Sunday, July 27, 2008

Imagine there was a Jesus born 100 years early

Let’s say there was a “Jesus,” but it was the Yeshua put to death as a Pharisaic religious and political rebel by Hasmonean king Alexandar Jannai in the 70s BCE, per the Jewish historian Josephus.

Huh, you may say, if you’re not familiar with this.

But, if there is any sort of Jesus of history behind both the Christian gospels and rabbinic legends, he may have lived 100 years earlier than claimed. Wiki has a brief synopsis here.

Then, per Rodney Stark’s theory that Christianity, without miracles, and based on the 175-year history of the Mormons, could grow at 40 percent a year, with a starting point of 100 Christians at the time of Jesus the Pharisee’s death, we would have had about 12,000 at the time of the great fire of Rome in 64 CE.

Stark’s book that explains his growth rate idea in more detail is here.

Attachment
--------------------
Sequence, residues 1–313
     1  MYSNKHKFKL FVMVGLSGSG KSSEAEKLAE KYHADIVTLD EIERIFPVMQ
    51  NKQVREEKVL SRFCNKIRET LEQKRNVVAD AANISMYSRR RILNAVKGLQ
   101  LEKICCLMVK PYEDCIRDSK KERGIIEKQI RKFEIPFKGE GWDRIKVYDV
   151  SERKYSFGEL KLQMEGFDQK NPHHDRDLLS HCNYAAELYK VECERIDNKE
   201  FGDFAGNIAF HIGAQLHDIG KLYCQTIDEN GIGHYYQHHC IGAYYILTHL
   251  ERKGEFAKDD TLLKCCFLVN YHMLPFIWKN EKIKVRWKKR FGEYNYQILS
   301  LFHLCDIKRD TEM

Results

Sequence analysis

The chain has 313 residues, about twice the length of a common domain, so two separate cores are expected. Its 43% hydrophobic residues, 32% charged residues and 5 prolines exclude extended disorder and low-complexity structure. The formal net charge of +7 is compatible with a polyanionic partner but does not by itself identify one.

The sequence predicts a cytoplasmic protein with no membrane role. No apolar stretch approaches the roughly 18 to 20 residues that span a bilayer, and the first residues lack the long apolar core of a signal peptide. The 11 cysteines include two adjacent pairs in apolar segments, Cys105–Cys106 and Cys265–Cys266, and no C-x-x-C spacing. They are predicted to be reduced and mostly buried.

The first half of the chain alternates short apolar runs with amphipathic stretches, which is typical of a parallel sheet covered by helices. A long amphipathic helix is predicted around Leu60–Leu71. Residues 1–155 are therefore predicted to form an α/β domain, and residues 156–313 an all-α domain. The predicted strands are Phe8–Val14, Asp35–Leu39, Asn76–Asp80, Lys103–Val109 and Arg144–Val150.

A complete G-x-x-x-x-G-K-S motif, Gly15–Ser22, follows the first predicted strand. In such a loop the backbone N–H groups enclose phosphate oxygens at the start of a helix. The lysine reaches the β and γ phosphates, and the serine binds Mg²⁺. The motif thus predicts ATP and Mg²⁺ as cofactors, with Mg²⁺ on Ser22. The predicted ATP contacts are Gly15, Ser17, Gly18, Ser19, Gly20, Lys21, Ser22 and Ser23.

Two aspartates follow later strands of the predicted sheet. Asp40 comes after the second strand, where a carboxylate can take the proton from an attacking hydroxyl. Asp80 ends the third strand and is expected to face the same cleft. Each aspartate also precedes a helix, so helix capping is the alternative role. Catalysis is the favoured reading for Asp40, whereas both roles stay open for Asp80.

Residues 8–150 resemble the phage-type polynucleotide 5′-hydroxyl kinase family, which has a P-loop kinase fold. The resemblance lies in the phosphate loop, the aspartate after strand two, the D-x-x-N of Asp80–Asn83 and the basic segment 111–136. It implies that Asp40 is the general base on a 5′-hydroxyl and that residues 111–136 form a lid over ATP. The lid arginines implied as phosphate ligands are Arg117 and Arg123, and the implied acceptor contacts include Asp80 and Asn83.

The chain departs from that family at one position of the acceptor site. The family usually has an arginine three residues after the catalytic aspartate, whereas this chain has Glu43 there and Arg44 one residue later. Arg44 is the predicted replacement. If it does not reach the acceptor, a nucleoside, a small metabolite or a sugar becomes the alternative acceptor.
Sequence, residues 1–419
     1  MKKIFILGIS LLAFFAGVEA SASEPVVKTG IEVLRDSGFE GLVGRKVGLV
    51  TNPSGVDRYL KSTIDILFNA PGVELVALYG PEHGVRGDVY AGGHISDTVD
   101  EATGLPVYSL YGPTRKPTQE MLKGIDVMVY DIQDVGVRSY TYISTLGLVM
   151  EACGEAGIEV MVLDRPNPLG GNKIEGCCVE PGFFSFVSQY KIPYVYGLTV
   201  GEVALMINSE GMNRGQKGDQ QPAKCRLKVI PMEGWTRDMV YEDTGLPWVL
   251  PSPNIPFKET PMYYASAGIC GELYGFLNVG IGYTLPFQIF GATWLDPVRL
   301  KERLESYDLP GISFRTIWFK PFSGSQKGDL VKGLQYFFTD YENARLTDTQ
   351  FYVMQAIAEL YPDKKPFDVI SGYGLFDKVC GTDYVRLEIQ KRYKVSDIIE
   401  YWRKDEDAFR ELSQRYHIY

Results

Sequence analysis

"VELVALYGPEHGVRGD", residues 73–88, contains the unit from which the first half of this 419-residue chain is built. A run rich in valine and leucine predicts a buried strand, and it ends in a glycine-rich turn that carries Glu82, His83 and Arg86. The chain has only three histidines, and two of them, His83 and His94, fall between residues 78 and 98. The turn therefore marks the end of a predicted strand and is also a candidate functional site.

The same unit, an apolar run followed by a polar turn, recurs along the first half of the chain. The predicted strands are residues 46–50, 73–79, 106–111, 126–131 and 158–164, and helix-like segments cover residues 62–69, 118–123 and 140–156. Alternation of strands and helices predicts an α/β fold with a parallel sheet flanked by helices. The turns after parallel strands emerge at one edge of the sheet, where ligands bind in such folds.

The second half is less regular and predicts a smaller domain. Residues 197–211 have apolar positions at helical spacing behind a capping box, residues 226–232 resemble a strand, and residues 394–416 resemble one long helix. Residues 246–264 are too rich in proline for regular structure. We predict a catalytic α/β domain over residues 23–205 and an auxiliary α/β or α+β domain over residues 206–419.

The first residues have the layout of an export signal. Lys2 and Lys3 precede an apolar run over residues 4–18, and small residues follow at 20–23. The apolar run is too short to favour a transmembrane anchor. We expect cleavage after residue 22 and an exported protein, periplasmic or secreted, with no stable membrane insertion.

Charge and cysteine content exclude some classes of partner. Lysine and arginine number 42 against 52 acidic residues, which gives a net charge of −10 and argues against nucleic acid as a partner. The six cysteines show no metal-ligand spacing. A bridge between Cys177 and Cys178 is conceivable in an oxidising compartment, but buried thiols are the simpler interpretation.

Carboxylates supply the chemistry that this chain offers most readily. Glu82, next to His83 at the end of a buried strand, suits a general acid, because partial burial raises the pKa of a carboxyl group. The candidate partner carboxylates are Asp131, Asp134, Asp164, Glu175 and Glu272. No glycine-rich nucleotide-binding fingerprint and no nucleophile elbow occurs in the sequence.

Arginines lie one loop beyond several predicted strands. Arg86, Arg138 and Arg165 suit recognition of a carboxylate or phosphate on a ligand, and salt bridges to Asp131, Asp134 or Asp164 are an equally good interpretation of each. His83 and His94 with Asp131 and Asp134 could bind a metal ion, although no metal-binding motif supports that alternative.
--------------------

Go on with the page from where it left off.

Given that Rome’s population was about 1/50th of the empire, this would have put about 240 Christians in Rome. That would have been 1/5,000th of the city’s population, or 0.05 percent. Would that have been enough to catch Nero’s eye, whether or not they were actually troublemakers?

Per the original view of when Jesus lived, and Stark’s theory of Christian growth, the empire would have had about 1,500 Christians at the time of the fire of Rome. A mere 30 Roman Christians probably wouldn’t have been enough to draw a letter from the apostle Paul. It certainly, as 1/40,000th of the city’s population, would have been below Nero’s notice.

See this June 2008 blog post for thoughts on how a newly-discovered Jordanian building, alleged to be a Christian church and alleged to date from the middle of the first century CE, would support my contention, setting aside obvious Jordanian tourism reasons to stretch the truth here.

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